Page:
We've all looked at beautiful models in photo spreads and thought, 'Wow, I wish I could look like that'. Then we turn to our reflection noticing little wrinkles, blemishes, bags and extra cushion around the waist. Reality is our faces and bodies aren't perfect. We're not models with personal trainers, or makeup and hair teams. And even they aren't perfect.
Another thing, we 'regular folk' don't have are brilliant photographers who know how to shoot, light and pick the right angle to shoot a particular model. As anyone who has held their camera at arms length to create the perfect personal avatar image for their Facebook or Twitter profile page knows - you have to take a lot of bad photos to get one good one.
Most people realize that images of models and celebrities are heavily manipulated and retouched.
Retouching and manipulation of photographs has existed since the invention of the technology in the mid 1800s. The retouching of celebrity photos took hold in the 1930s with advanced darkroom techniques and the introduction of airbrushing. The airbrush became so prevalent in the pre-computer days that the word retouching was virtually replaced by the term airbrushing in the 1970s.
Joan Crawford - Un-retouched photo ....Retouched photo
With the introduction of the Apple MacIntosh and Adobe Photoshop, the tools of airbrushing and photo manipulation was available to anybody with a keyboard. The term airbrushing was replaced with 'photoshopping' and what used to take days of work by a skilled team of retouchers could now be accomplished by a skilled designer working in Photoshop in a few hours.
As a designer starting out in the late 80's, I watched this transition happen.
As example, the Toronto graphic design studio I worked for had a well known cosmetics firm as a key client. I would receive slides of well-known models of the early '90's under contract with the company. The standard work was a basic cleanup of the skin, remove blemishes or wrinkles. Nail, eyeshadow or lipstick colour would be matched to the actual product sample. Colour would be added to cheeks, errant hairs eliminated, prominent veins minimized, whites of the eyes brightened, colour of pupils enhanced, or the eye could be stretched to appear more open. Teeth whitening products would require a special focus on the mouth, straightening teeth or filling in the gaps between them. The teeth would then be subtly brightened, the mouth widened or the edges manipulated to improve the model's smile. Every once in awhile extreme manipulation would be called upon. In some cases I would be asked to assemble an image from several different photographs - perhaps the smile was perfect in one, but the eyes were not. I would carefully create a path around the eyes from one photo and copy and paste them to another, taking extra care to eliminate any hint of an edge by softening the transition between them. If one eye had the perfect features it was easy to flip it and replace the 'less than perfect one'.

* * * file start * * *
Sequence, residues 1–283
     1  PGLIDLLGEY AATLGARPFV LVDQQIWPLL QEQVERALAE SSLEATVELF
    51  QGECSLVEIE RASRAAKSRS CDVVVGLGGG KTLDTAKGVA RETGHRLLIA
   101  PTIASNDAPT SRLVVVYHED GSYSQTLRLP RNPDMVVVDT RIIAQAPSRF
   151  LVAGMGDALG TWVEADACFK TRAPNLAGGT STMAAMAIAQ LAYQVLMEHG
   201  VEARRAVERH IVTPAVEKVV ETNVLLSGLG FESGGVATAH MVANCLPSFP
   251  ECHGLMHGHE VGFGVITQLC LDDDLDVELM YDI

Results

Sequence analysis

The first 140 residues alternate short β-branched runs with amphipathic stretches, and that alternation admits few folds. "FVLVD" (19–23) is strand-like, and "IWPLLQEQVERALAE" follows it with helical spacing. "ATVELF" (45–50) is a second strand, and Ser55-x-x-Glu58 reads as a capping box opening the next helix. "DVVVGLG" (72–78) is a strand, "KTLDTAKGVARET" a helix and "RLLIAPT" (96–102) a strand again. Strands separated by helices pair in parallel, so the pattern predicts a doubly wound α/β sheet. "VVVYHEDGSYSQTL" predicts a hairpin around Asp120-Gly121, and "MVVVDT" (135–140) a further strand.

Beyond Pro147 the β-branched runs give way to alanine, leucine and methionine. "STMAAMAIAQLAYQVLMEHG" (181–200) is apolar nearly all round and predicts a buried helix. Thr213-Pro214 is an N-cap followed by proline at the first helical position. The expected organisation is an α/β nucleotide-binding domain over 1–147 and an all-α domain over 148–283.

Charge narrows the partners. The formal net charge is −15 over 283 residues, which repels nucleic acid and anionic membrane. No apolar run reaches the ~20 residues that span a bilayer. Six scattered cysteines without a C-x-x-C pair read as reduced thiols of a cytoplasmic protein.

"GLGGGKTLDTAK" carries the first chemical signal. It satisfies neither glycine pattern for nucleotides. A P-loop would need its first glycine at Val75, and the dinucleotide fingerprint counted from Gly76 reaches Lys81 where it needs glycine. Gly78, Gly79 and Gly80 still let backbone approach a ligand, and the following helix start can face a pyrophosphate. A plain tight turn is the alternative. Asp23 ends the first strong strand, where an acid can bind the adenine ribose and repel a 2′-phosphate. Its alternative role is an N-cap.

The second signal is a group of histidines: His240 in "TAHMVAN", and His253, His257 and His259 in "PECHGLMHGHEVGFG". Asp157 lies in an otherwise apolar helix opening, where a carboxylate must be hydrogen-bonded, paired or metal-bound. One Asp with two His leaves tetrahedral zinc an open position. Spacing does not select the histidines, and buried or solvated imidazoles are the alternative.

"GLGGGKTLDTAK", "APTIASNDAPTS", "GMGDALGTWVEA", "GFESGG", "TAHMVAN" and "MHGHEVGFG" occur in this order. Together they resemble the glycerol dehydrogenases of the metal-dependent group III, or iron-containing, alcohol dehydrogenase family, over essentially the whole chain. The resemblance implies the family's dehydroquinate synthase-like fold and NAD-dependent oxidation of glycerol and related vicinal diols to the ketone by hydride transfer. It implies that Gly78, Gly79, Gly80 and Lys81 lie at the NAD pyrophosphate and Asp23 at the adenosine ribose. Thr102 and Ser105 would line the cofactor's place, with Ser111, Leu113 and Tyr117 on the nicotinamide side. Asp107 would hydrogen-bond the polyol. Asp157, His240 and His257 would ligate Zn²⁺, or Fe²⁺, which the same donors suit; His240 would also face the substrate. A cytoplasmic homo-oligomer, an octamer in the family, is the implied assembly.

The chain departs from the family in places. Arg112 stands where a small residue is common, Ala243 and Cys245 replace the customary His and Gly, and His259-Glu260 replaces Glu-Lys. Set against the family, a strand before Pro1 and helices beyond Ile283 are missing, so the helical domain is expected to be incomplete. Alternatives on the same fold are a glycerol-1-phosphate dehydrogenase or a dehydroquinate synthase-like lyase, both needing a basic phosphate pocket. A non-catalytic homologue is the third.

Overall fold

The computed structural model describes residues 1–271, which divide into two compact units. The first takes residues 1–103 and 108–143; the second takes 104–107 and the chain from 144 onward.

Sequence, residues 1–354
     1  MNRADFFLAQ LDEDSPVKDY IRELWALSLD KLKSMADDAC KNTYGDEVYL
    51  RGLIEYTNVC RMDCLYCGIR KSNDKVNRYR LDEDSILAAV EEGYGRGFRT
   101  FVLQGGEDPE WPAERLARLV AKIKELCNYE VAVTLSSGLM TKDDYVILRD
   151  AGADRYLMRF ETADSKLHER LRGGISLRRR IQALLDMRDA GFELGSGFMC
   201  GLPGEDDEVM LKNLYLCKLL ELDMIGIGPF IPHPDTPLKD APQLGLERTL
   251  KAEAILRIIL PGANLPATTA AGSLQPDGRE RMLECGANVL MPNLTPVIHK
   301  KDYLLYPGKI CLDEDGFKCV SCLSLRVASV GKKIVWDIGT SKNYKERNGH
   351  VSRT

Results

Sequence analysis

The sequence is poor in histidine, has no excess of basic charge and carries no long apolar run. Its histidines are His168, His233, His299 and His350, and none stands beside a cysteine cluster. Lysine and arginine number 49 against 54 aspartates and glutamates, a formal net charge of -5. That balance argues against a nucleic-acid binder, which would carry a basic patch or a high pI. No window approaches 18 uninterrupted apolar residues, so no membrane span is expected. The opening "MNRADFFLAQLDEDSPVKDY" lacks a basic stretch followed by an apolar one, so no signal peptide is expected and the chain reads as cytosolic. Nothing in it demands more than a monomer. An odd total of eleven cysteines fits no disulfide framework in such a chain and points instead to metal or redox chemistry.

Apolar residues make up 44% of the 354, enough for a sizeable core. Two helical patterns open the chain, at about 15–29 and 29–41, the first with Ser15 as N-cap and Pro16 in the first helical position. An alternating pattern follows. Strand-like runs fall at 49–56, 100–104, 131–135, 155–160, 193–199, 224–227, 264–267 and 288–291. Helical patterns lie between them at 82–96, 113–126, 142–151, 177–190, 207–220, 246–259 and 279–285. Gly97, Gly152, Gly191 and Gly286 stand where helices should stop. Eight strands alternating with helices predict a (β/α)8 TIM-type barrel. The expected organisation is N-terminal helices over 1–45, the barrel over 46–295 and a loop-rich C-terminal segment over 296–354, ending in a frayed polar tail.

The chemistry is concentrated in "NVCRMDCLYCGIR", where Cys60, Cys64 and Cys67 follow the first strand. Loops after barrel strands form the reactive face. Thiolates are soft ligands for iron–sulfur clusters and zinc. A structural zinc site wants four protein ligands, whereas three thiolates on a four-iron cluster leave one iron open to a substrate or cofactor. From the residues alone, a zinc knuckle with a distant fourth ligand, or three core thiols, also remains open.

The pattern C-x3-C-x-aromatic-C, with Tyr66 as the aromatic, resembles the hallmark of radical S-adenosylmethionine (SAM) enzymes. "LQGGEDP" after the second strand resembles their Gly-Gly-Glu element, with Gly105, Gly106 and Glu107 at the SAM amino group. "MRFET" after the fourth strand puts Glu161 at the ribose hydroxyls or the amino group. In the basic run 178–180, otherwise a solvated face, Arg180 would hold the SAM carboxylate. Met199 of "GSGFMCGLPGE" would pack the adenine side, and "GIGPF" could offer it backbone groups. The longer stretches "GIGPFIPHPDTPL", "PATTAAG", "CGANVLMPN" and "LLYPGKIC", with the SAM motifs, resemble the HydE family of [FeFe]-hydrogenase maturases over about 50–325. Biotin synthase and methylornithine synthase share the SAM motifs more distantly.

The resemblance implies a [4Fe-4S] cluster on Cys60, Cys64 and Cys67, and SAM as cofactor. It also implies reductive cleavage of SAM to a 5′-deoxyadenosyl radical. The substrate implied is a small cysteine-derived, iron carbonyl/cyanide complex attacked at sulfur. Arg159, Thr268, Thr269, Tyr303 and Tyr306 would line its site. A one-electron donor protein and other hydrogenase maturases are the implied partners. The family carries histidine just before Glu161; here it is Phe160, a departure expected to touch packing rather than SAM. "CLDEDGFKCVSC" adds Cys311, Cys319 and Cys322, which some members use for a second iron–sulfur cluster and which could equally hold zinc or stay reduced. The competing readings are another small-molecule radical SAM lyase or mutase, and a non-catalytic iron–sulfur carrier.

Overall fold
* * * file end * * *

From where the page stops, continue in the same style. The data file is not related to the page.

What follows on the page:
Beyond the face there could be more body enhancements - shadows in cleavage enhanced or minimized depending on the product. A waist could be scooped in a bit to help the model appear skinnier. I couldn't help but shake my head knowing where it started and where it ended up at.
In 2006 Unilver released that now famous Dove Evolution time lapsed video of a model being made-up at a photoshoot and then further manipulated in Photoshop. This video went viral with millions of people viewing it and passing it on to friends. There was nothing in this video that surprised me or my colleagues.
Here's another good one. Check out this 2007 image of Faith Hill featured on the cover of Redbook with the untouched image beside it. You can see how much her image was manipulated.
I'm left with several questions while writing this. Do you realize the extent to which photos are manipulated in ads and on magazine covers? Why do some of us starve ourselves through fad diets? Why do we seek out cosmetic 'tweaks' from face lifts, liposuction, breast enhancements and other even more bizarre and unnecessary surgeries?
Men are not immune from these suggestions of perfection - lose weight, gain mass, washboard abs, hair removal, get the perfect tush. Whether gay or straight, few of us are don't find ourselves second guessing our appearance, always striving for that 'look'.
It’s easy to say let's make healthy choices - but would the economy collapse if we suddenly became content with ourselves? Sure we can start skipping the cheesecake and get our butts to the gym, but we should be doing it for ourselves, for our health - not to achieve unrealistic goals laid out by magazine editors, cosmetic marketers and advertising agencies.
Now if you’ll excuse me I have to go moisturize and do a few hundred situps.
Randy Matheson is a Nova Scotia-born, Toronto-based interactive designer and social engagement specialist with Delvinia Interactive - and despite his profile picture he does indeed have an equally attractive right side of his face. He can most easily be found on Twitter by the imaginative moniker of @randymatheson.
My profile picture was taken by myself holding my iPhone at arms length in my kitchen, I flipped the image horizontally, I eliminated an electrical outlet from the background, sharped up the contrast, smoothed out some dark circles under my eyes, and got rid of some errant nose hairs and a neck wrinkle (or two) - otherwise that's me and I'm sort of OK with that (maybe... for now).